The lllinois Republican Party is applauding local media outlets in Chicago for picking up a story first reported in the Chicago Sun-Times about J.B. Prtizker, the billionaire Democratic candidate for governor, and his $230,000 in tax breaks for a mansion he called "uninhabitable."
The Illinois Republican Party has issued an infographic to illustrate the connections among House Speaker Michael Madigan (D-Chicago), Cook County Assessor Joseph Berrios and other key Illinois Democrats identified by the Chicago Tribune recently.
Traditional news outlets have been resorting to name-calling and disparagement because they fear their way of controlling the narrative is dying, an Illinois Policy Institute writer said on a radio show recently.
Billionaire J.B. Pritzker has added fuel to the fire he's already feeling over the $230,000 in property tax breaks he received the past few years by lying about them, the Illinois Republican Party alleged recently.
House Speaker Mike Madigan (D-Chicago) has spent nearly $170,000 in campaign funds on baseball tickets, according to the Chicago Sun-Times, which Illinois Policy Institute staffer Joe Kaiser finds strange since Madigan has been less than a fair-weather fan of major league sports in the city.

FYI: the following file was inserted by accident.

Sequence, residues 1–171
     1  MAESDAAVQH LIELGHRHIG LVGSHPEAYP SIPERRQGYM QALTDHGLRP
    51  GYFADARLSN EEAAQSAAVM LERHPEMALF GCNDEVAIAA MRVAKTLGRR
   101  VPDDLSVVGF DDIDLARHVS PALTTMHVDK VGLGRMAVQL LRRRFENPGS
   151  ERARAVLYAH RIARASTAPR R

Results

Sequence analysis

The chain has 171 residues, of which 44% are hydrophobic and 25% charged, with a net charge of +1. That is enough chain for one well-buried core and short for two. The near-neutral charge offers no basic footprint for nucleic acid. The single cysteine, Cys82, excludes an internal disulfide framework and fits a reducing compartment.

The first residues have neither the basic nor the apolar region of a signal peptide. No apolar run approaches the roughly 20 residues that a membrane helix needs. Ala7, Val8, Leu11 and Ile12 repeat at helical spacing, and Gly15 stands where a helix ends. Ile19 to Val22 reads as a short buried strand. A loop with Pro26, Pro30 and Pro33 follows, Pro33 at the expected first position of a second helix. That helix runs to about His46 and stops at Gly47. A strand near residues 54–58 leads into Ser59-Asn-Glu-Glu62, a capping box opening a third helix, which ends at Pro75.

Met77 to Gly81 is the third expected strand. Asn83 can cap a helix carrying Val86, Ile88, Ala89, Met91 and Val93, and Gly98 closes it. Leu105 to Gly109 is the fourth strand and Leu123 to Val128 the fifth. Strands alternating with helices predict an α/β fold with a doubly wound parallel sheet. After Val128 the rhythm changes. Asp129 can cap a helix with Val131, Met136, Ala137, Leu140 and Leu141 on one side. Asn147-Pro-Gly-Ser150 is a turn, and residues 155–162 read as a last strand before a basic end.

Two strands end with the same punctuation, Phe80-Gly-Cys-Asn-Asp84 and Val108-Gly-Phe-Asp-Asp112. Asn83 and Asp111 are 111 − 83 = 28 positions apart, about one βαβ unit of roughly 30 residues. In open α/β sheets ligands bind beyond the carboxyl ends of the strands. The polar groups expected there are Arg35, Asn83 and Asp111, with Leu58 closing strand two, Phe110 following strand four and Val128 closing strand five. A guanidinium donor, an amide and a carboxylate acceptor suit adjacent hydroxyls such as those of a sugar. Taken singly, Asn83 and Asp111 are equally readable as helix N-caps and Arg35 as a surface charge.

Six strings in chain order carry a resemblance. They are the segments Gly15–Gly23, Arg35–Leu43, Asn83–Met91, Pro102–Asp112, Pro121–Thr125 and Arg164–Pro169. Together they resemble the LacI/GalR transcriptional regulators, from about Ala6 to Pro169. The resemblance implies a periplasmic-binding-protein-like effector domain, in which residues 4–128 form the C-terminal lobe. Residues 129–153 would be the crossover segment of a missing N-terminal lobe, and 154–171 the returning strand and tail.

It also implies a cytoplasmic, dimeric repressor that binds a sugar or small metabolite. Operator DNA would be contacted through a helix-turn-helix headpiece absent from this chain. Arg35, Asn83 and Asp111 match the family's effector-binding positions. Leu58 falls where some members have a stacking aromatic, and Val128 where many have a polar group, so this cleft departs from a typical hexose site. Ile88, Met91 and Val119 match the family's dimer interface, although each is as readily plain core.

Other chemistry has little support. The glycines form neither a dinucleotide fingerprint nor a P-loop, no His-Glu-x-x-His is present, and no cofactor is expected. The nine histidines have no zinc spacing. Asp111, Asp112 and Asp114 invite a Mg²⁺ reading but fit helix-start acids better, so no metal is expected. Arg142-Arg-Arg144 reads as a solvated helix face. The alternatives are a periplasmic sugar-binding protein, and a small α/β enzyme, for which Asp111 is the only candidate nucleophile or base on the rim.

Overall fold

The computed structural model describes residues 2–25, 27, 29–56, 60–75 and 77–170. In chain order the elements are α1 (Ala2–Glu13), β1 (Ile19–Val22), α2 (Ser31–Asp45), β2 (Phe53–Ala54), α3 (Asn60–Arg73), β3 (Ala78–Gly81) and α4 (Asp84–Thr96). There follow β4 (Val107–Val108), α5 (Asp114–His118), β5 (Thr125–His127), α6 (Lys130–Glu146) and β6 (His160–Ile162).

Not to be a party pooper, but Sam Toia thinks a proposal to require every licensed business in Chicago with a public bathroom to make it available to anyone with an “emergency” should be flushed down the drain.
The St. Louis Lambert International Airport Commission recently voted to award a three-year cleaning contract worth $14.74 million to United Maintenance Co., a Chicago firm that had been disqualified due to concerns over its president’s alleged ties to organized crime.
James Bovard warns residents of Jefferson Park that they need look no further than the opposite side of the city to see what a proposed low-income, subsidized housing complex could mean for their neighborhood.
There are three steps to reducing corruption in Chicago and they begin with completely rewriting its weak and archaic ethics ordinance that protects entrenched politicians, the city's former legislative inspector general turned government watchdog group CEO said.